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This is how I do it at the moment. I try to open the file with the FileShare set to none. So I want exclusive accesss to the file. If I can't get that then its a good bet somebody else has the file locked.

There's got to be a better and faster way. Any ideas?

                using (FileStream fs = File.Open(GetLockFilename(), FileMode.Open, FileAccess.ReadWrite, FileShare.None))
                // The file is not locked
            catch (Exception)
                // The file is locked
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5 Answers 5

up vote 20 down vote accepted

There is no need first to check if the file is locked and then access it, as between the check and the access some other process may still get a lock on the file. So, what you do is correct, if you succeed, do your work with the file.

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Also, you can tell from the type of exception thrown if the file is locked or if it's a permissions issue. –  Binary Worrier Jan 8 '09 at 16:36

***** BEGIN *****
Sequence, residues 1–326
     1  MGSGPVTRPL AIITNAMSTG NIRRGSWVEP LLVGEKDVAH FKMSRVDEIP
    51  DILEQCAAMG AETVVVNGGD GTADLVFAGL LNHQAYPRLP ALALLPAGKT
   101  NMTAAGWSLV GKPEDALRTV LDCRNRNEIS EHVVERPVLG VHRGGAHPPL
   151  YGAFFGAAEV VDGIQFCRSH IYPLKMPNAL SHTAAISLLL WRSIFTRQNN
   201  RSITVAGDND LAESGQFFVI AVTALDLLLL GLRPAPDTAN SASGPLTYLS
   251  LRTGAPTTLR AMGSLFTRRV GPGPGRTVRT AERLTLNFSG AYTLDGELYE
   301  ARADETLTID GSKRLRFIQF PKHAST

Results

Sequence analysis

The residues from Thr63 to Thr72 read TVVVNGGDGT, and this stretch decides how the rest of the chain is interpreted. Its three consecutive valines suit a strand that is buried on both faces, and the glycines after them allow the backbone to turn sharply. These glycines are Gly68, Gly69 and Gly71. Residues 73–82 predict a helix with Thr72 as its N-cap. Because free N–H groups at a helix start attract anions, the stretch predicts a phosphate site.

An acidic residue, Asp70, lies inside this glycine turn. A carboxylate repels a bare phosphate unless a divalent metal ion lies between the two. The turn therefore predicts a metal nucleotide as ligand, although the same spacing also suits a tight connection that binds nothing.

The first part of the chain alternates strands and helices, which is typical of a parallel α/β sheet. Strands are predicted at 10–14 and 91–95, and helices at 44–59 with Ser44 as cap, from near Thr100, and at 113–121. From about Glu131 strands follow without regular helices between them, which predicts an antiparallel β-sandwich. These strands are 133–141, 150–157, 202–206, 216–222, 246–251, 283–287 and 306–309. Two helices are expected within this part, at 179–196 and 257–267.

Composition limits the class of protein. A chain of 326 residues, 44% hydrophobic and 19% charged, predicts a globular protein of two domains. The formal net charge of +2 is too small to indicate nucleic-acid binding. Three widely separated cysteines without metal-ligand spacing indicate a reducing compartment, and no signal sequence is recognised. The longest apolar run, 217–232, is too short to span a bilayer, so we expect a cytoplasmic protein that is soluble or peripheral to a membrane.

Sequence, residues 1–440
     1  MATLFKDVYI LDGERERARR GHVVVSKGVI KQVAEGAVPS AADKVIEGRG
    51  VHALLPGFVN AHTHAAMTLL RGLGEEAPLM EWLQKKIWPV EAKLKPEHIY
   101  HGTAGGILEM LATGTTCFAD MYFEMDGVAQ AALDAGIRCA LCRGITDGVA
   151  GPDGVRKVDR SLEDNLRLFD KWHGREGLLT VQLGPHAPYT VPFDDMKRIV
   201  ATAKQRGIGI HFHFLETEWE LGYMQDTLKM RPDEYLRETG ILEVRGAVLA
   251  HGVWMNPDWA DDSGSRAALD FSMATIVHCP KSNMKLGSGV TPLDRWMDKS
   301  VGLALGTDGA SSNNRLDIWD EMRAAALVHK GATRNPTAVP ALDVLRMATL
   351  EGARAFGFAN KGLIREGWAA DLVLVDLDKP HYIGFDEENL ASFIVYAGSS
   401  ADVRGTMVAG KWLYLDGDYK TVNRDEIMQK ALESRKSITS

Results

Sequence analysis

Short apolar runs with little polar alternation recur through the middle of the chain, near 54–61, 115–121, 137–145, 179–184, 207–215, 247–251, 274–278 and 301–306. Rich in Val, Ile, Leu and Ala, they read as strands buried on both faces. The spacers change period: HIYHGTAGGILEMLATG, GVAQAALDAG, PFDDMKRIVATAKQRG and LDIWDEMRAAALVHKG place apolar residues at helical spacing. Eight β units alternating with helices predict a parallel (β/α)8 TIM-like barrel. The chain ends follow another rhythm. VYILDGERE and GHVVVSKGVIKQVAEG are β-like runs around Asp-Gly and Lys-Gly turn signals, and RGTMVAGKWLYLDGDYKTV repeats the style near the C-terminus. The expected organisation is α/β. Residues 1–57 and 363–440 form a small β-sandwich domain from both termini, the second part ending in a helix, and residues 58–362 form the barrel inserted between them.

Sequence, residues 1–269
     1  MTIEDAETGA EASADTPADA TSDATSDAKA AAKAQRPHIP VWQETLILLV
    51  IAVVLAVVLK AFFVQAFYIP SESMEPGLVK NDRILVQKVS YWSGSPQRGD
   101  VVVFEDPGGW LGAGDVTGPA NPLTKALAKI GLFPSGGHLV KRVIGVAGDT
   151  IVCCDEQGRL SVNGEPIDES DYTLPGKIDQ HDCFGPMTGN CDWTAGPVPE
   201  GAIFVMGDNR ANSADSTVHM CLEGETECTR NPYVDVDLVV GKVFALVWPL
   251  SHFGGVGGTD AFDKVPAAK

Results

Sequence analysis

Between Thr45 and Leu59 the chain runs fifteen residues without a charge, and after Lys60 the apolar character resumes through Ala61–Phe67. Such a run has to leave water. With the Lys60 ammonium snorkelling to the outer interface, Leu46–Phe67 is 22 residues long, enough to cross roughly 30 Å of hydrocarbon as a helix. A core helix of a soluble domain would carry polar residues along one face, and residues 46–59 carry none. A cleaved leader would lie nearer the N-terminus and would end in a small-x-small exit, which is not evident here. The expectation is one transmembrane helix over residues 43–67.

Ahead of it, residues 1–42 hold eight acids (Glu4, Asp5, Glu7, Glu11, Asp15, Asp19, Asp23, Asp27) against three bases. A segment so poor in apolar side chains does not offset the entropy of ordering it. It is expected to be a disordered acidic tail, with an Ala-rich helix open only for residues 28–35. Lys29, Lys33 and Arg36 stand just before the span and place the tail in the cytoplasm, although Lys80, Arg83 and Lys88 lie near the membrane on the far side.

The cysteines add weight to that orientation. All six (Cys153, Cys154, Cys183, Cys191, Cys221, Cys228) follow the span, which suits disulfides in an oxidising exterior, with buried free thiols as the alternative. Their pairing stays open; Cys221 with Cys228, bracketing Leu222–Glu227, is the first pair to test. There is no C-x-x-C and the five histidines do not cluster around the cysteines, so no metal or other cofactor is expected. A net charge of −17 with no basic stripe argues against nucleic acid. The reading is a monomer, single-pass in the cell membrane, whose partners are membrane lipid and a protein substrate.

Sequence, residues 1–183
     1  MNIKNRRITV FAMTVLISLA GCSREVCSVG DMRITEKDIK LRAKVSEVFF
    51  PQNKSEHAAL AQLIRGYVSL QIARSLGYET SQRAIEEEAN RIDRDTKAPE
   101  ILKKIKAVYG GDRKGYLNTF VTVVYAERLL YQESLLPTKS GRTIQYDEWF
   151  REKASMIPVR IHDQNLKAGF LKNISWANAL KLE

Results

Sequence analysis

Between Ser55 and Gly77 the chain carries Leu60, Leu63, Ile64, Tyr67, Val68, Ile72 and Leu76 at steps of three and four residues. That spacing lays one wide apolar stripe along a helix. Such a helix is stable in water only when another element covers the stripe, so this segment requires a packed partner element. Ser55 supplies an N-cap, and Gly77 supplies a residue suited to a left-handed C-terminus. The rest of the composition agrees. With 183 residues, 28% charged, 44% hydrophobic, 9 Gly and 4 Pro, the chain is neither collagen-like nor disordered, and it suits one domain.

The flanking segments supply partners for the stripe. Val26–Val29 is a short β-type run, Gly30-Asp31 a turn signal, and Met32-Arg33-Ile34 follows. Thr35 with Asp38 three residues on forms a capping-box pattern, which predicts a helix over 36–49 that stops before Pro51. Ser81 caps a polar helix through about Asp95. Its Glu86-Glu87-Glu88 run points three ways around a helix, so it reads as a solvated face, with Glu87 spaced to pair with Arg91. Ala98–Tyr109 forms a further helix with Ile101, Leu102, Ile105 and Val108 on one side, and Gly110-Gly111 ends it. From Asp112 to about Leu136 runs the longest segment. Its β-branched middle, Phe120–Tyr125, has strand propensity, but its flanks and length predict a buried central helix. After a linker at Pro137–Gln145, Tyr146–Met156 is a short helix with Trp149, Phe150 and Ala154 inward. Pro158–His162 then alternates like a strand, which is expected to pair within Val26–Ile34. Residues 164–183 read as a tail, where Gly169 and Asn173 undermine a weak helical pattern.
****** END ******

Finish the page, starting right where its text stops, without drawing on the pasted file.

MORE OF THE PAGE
Exactly. This is the same fallacy that people fall for when first trying to check if a file exists and then trying to open, delete or whatever it. –  Christian.K Jan 10 '09 at 17:53
I think the exception is FileAccessException... –  AceMark Dec 16 '09 at 1:10
It is DatabaseFileLockedException. –  Ebenezar Oct 10 '13 at 10:39

The truth is, even if you do figure out a way to check if the file is "locked" by the time you get to the next line where you open the file, something else in the OS may try to get a hold of that file, and your code to open it will fail anyway. You'll have to put a try/catch there anyway. Therefore, I say no. There isn't really a better solution.

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No that I am aware of, there is no call to check if the file is in use - you have to try to open it and handle the exception as you are doing. Another problem is that it is hard to distinguish between in use and no access allowed.

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Thanks for the answers. What I'm trying to do is detect the condition of a lock file being orphaned by a process preventing further updating of the database. Whilst this is a boundary condition I thought it'd be nice to write a unit test for it. Unfortunately, I've now broken the usual case unit test in the process of trying to detect for an orphaned lock file. Maybe I shouldn't worry so much...

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What Sunny said, but remember that you should specify what Exception it is you catch.

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